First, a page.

Xenopus laevis embryos were obtained by in vitro fertilization as previously described, de-jellied with 2 % cysteine-HCl (pH 7.8–8.1), sorted to eliminate abnormal individuals, and cultured in 0.1 × MMR (Marc’s Modified Ringers; Sive et al. 1998) at 15–23 °C (Sive et al. 1998). Staging was according to standard methods (Nieuwkoop and Faber 1994). Stock solutions of Pitstop 2 (abcam #ab120687) were prepared in DMSO to a concentration of 30 mM, as suggested by product information. Four embryos were exposed in each well of a 12-well plate starting at stage 27/28 (Nieuwkoop and Faber 1994) after fertilization, at final concentrations of 1 and 5 mM. Control embryos were exposed to an equivalent volume of DMSO only.

Whole embryos were fixed after cardiogenesis as previously described (stage 40) for immunofluorescence staining for 45 min in 4 % paraformaldehyde solution (100 mM Hepes pH 7.4, 100 mM NaCl, 4 % paraformaldehyde), followed by four washes in −20 °C Dent’s fixative (80 % methanol/20 % DMSO) solution (Fagotto and Gumbiner 1994). After overnight storage, the embryos were rinsed three times with Tris–NaCl (100 mM Tris–HCl pH 7.3, 100 mM NaCl), then incubated for 1 h in Tris–NaCl. The Tris–NaCl solution was replaced with sucrose/gelatin (15 % sucrose/25 % cold water fish gelatin). After overnight equilibration, the embryos were embedded and frozen in O.C.T. compound (Tissue-Tek). Ten micron sections were cut on a Leica CM1850 cryostat and picked up on coated slides.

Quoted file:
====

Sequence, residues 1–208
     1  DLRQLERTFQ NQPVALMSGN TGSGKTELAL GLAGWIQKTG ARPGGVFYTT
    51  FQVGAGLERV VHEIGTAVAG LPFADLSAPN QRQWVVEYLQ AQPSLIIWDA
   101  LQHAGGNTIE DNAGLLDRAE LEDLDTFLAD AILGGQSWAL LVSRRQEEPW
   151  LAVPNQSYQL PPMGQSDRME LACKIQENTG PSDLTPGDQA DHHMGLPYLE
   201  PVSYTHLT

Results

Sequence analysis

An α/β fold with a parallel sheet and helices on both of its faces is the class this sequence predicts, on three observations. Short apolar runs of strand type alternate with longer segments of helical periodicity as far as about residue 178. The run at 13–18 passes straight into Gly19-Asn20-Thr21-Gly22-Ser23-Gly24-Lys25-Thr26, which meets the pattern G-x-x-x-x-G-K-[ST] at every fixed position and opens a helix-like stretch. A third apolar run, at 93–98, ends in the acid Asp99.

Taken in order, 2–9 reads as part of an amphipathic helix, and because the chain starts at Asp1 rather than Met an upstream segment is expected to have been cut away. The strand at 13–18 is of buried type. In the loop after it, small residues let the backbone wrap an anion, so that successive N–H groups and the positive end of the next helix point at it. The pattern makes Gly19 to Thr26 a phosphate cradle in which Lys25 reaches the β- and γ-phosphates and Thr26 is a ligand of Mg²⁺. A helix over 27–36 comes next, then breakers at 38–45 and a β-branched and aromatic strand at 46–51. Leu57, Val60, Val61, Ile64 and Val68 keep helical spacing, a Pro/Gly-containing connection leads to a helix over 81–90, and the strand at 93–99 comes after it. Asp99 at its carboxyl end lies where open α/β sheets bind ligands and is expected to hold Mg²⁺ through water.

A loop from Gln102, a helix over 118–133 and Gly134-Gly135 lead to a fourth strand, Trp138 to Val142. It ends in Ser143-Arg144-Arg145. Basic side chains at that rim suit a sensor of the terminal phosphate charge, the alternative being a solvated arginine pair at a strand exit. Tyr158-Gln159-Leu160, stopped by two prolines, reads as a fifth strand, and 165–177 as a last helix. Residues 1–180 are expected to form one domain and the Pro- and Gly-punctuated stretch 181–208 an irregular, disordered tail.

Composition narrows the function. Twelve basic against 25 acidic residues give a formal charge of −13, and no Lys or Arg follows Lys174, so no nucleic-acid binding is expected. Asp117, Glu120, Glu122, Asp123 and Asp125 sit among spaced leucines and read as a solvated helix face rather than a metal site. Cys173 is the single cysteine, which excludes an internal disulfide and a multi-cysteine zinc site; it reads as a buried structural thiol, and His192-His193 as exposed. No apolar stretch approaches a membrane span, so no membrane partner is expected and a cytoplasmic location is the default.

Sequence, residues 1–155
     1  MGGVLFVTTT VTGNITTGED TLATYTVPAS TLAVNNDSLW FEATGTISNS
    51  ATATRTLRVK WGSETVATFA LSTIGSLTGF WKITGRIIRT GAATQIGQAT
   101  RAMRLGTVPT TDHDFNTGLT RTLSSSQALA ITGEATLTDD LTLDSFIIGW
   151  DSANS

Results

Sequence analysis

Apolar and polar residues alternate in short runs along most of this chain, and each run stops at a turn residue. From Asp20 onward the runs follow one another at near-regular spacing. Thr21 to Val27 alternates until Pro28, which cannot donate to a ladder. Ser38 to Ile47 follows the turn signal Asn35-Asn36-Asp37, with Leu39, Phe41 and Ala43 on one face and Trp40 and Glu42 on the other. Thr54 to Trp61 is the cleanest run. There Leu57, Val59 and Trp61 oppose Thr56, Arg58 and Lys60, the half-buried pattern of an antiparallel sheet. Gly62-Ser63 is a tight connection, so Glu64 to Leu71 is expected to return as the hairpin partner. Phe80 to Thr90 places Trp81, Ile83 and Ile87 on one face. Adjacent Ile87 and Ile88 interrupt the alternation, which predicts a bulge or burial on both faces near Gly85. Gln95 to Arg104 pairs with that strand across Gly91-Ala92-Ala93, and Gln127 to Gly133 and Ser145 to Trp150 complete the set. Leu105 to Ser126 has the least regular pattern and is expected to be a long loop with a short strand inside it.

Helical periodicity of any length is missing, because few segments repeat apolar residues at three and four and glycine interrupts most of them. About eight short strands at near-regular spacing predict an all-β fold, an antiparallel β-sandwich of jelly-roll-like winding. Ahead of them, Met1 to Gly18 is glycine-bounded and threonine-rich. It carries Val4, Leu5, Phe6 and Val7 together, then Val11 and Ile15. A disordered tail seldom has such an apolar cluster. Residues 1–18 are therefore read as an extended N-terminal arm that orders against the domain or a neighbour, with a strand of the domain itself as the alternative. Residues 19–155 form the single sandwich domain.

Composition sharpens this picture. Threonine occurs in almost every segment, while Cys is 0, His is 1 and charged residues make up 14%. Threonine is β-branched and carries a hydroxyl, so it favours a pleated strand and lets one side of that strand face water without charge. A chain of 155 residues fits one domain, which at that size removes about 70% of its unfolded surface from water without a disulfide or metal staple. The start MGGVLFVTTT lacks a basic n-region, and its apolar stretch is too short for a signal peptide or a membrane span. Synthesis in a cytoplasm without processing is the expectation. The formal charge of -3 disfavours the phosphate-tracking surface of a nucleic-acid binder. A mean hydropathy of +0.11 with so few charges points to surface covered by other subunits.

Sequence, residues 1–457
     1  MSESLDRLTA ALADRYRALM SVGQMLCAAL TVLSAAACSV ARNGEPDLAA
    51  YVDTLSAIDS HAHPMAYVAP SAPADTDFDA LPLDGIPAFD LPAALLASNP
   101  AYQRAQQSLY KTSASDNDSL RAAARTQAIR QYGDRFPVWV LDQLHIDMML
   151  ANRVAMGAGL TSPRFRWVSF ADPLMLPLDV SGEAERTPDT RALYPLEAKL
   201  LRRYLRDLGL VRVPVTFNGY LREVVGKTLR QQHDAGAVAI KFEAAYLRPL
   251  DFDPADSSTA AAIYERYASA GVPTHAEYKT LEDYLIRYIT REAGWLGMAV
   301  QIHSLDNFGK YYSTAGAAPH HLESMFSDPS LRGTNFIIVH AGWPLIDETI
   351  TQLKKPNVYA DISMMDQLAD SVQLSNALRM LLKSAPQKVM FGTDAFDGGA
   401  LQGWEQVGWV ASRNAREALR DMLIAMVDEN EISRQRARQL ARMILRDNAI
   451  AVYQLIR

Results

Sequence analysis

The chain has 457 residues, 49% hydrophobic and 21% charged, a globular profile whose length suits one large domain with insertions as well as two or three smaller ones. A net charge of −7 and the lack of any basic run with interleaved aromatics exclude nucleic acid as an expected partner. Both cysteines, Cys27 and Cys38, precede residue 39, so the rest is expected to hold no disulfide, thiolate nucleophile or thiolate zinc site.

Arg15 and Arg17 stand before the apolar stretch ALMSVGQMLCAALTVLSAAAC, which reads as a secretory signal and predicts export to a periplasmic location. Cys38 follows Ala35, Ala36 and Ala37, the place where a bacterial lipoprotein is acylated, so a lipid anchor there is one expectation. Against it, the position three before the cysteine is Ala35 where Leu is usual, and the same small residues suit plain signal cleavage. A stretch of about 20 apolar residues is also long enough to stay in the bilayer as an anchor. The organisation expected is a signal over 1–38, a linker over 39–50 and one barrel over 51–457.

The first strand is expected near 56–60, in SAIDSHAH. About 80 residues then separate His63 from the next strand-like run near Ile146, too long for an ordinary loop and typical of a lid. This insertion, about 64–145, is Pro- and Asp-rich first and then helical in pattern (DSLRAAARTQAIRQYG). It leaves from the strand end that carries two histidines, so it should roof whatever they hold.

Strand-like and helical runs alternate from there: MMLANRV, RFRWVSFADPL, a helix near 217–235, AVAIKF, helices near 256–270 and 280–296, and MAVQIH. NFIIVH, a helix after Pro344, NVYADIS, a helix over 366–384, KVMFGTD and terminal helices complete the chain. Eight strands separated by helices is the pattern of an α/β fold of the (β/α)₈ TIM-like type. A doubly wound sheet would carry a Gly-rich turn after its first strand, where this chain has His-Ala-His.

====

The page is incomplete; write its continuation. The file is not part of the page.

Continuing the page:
Slides were allowed to warm to room temperature, then post-fixed in acetone for 1 min before being air dried and blocked for 30 min in Blocking Buffer (Reed et al. 2009). For immunohistochemical staining, slides were incubated overnight at 4 °C as described (Reed et al. 2009) with blocking buffer containing the following primary antibody dilutions: Fibrillin (DSHB, JB3, 1:100), β-catenin (SCBT, H-102; 1:100). After primary antibody incubation, the slides were washed twice in PBT for 5 min. The slides were then incubated for 3 h in blocking buffer containing Alexa 488-conjugated goat anti-mouse IgG (Invitrogen, A11029; 1:2,000) and/or Alexa 546-conjugated goat anti-rabbit IgG (Invitrogen, A11035; 1:2,000), and washed twice in PBT for 5 min each. Autofluorescence was quenched in Eriochrome Black (0.2 % w/v in PBS, 5 min), followed by several washes in PBS. Slides were mounted in Prolong Gold (or Prolong Gold with DAPI), cured overnight in the dark, and then sealed with nail polish. Fluorescence was visualized on a Leica SPEII confocal microscope.


Pedigree analysis